It does depend on whether you want people to remember what you’ve written. Recent research indicates that you are more likely to remember text if it is a little more difficult to read. Comic sans is apparently a good font for retention. I recall struggling to concentrate on a large slab of specifications written in a narrow text many years ago – it just made me angry even though it looked good!June 13, 2011 at 12:49 pm #162203
well i guess if you dont stand for something you will fall for anything, right? Im not one of those LA’s that is obsessed with the latest LEED standard, or how “green” something can be, or the latest “sustainable” gadget. I believe that graphic communication is more than just something you decorate the cake with. I just find it odd, that as “designers” some people dont carry that concept through. Its stops with the design of the landscape. Maybe this can be our economic strategy? Get rid of papyrus, and stop global warming, all in one clean swoop.June 13, 2011 at 12:50 pm #162202
I would trust the principle.June 13, 2011 at 1:00 pm #162201
I just looked at your website, and realized why you said what you said. I think its odd that you used it and you didnt even know it. You would not use an invasive tree/shurb and not know it, would you? Or destroy a native prairie for a development would you? being conscious of all design decisions is something i thought “designers” were supposed to do. how is your website any different?June 13, 2011 at 1:03 pm #162200
its like a horrible disease. The teacher likes it, so everyone wanting to impress the teacher with a lack of graphic capability uses the font. then people like me who actually try in the graphic design department get the snub from the teacher for having a board that is too well laid out, or dare is say aesthetic.June 13, 2011 at 1:49 pm #162199AnonymousInactive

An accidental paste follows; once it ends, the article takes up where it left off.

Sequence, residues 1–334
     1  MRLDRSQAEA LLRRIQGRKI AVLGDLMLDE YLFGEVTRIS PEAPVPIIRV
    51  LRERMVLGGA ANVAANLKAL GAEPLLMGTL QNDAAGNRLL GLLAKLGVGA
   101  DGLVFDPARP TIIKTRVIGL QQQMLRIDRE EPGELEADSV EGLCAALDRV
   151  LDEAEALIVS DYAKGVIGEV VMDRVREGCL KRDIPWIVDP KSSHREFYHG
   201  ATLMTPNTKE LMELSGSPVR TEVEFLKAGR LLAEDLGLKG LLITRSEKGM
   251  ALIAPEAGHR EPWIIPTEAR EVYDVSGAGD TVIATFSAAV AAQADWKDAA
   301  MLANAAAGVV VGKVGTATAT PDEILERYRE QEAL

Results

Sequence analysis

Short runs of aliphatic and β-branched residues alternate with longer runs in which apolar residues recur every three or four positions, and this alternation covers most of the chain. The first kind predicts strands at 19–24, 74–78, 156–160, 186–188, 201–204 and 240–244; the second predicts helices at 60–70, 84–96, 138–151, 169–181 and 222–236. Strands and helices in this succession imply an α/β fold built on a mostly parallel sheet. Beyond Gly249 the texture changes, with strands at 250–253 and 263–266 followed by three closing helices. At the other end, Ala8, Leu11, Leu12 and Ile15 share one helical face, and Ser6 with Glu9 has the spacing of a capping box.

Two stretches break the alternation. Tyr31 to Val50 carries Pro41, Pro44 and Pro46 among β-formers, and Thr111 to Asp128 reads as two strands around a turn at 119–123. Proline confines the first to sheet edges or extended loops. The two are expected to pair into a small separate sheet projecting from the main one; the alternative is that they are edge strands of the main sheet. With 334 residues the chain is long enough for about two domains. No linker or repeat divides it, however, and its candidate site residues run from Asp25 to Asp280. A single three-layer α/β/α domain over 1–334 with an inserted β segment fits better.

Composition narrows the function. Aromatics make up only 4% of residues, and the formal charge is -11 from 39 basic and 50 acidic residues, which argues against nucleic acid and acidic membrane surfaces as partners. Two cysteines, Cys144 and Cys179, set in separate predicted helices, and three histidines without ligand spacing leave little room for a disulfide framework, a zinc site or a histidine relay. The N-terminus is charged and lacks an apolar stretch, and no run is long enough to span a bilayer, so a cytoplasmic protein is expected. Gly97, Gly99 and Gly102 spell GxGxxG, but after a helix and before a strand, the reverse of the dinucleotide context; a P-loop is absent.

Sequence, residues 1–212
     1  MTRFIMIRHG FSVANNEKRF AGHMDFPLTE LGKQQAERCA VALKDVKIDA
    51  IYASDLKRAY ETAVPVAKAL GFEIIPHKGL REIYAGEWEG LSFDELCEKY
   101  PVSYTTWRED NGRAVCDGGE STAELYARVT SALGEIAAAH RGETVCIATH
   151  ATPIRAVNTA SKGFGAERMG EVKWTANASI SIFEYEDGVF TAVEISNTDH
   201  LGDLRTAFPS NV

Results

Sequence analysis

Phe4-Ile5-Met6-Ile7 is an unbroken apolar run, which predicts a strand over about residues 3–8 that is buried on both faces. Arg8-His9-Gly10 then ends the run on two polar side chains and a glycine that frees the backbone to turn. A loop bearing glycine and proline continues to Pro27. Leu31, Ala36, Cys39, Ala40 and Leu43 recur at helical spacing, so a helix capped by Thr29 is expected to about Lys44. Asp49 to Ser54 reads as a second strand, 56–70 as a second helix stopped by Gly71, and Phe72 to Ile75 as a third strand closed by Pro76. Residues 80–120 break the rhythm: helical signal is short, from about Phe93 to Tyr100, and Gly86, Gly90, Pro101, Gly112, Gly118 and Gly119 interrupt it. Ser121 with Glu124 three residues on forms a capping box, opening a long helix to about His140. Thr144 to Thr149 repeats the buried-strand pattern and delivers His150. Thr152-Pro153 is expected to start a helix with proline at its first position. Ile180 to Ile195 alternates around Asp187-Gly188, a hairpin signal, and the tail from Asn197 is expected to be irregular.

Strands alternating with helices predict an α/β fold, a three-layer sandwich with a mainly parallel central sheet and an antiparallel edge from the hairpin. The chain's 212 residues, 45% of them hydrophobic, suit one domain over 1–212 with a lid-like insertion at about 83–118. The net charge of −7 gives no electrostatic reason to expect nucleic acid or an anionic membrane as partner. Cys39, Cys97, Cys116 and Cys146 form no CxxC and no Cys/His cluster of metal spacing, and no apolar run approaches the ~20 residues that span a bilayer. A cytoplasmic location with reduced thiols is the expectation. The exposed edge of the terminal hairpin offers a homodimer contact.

Someone please help me on this one. I think I may have been committing all sorts of font faux pas over the years. My only concerns with fonts have been, can it be clearly read across the room, is it large enough to be read when printed half size and is it simple so that it doesn’t compete with the design.
Personally I think the lack of good design is something that chaps my hide more than fonts and cool snappy presentation drawings. As a profession, I think we have bigger fish to fry than font dos and don’ts.
It seems like the more we focus on the tools of our trade, the less attention we put on creating great spaces. Some of the best built works were presented as crappy little drawings made with dull #2 pencils on trash paper. Let’s not lose our way.June 13, 2011 at 4:44 pm #162198Andrew Garulay, RLAParticipant
[like]June 13, 2011 at 4:55 pm #162197
Well unless you are frank gehry, i think going out of our way to change the font ( i mean it takes approx 2 seconds.. 5 if you need to change it to bold, 7 if you mess with tracking, kerning, et cetera) is something we need to care about. If we stop caring about the font, then whats next, planting a an invasive forest of Kudzu, just because i had bigger fish to fry. I dont see *insert ASLA award winner here, choosing papyrus. The lack of good design starts with the lack of a good font.June 13, 2011 at 5:11 pm #162196
I am not denying that there are not “bigger fish to fry” or that Big Jim Associates failures are my gains, I am just suggesting that neglecting simple things like fonts is not and option or excuse for someone calling themselves a designer. Saying that it does not matter, or you that we should focus or attention on bigger things could become the underpinning of our very profession. My mom says big problems start with small things.. one after another after another. Next thing you know you have created a landslide from choosing papyrus (or not choosing at all). I think its funny how so many people seem to think this is not an issue.